By Stephen J. Kotz
The long anticipated or dreaded—depending on one’s point of view—road work at Cromer’s Country Market in Noyac was finished this week, with many taking a wait-and-see attitude about the project.
“I like it. I just don’t like when it was done. The timing was horrendous,” said Tony Lawless, the owner of Cromer’s. “I think we’ll need a year to see how it works.”
Linda Heine, the owner of the Whalebone general store, who said she had been opposed to the project “since day one,” is trying to be positive. “Will it work? That remains to be seen,” she said. “It is definitely easier to back up as long as someone is not speeding through the parking area.”
That happened, just the other day, she said, as she and a friend were standing in front her store watching traffic pass on Noyac Road. “Everyone was being very careful and moving slowly, and some guy came through the parking area at about 60 miles per hour to try to get around everyone else,” she said. “There is no cure for stupidity.”
“They wanted to calm traffic, slow it down,” said Mr. Lawless, but the new lanes are wide open and nice and level and it seems to have made it faster for cars moving west.”
A woman, who asked that her name not be used, said she was most concerned by the sharp turn on Noyac Road just west of the small shopping district. The other day, she said, a tractor trailer heading east hit the curb as it came around the bend, and the driver struggled to keep the rig on his side of the road.
The roadwork, which was finally begun this spring after years of argument over the scope of the plans, has shifted Noyac Road to the south and provided a two-way access road to the parking lot in front of Cromer’s and the Whalebone. businesses that is separated by a median from the main road, theoretically to make it safer for patrons of the stores. There are access points on either side of the business block.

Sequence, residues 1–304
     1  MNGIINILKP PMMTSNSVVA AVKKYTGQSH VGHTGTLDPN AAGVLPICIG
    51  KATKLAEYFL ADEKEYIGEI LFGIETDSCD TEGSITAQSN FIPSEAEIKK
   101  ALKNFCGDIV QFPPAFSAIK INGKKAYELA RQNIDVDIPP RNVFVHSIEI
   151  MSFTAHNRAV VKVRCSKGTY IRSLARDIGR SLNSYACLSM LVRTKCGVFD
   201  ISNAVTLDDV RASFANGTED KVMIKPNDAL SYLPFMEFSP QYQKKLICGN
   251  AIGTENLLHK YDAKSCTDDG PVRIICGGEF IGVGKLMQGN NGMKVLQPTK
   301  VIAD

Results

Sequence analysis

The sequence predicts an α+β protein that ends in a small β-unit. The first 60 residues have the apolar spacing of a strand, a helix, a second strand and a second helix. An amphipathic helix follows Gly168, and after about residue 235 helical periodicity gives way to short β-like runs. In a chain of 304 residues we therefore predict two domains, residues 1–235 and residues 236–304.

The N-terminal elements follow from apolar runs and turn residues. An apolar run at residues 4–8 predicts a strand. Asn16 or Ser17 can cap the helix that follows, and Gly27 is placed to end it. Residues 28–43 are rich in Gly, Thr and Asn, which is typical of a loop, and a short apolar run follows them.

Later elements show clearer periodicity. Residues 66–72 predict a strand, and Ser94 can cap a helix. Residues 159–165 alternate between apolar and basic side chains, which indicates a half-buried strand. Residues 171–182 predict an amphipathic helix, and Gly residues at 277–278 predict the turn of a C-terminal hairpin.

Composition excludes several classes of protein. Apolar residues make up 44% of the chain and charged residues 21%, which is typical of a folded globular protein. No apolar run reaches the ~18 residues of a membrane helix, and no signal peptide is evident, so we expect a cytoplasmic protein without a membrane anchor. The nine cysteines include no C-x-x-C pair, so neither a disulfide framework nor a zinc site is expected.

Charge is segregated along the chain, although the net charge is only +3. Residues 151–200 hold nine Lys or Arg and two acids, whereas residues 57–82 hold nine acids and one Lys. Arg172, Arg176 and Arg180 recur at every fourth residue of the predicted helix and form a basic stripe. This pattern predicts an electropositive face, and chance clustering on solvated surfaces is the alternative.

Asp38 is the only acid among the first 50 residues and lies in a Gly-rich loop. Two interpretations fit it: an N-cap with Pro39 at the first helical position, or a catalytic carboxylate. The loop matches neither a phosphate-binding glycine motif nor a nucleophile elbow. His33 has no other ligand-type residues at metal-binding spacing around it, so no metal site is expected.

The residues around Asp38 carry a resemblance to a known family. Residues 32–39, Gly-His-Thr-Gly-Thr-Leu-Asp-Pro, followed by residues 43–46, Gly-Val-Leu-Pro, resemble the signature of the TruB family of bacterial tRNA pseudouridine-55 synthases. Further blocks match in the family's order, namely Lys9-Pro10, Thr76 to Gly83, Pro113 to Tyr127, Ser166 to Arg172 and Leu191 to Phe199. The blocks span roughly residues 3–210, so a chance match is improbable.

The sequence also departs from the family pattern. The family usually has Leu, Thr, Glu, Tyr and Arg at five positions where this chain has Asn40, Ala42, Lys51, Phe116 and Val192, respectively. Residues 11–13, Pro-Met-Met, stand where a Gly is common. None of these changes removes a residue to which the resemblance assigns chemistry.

An informal poll of customers at Cromer’s on Wednesday morning found few critics. “I like it. I think it is much nicer,” said Wojciech Sobolewski, a Riverhead contractor, who said he stops at Cromer’s regularly for breakfast. His work partner, Carlos Leonardo said he also liked the result, but suggested that diagonal parking spaces be put in next to the store to make it easier for vehicles to pull in.
Joyce Catalfamo of Westchester, who said she has been coming to the East End for 25 years, said she loved the new design. “It used to be a nightmare getting in and out,” she said.
Another woman, who would not give her name, said she was worried that there wasn’t a stop sign on the westbound exit from the parking area.
Southampton Town Highway Superintendent Alex Gregor said on Wednesday that people have to give the project time. The highway department can tweak the design if needs be, he said.
“They are all critiquing a job that was done as of yesterday,” he said of those who have criticized the work. “It needs to be given a little time.”
He thanked the public for being patient during the project, which sometimes disrupted traffic and which was completed about a month behind schedule. Mr. Gregor blamed that on a delay in shifting utility poles, which set the whole project back.
He said the visual impact of the project will be softened when landscaping is added. “We don’t want it to look like Queens Boulevard,” he said.
Mr. Gregor added that the knew he couldn’t please everyone. “Some people don’t even want a road,” there he said. “But it’s the only other alternative, to Montauk Highway, to go east.”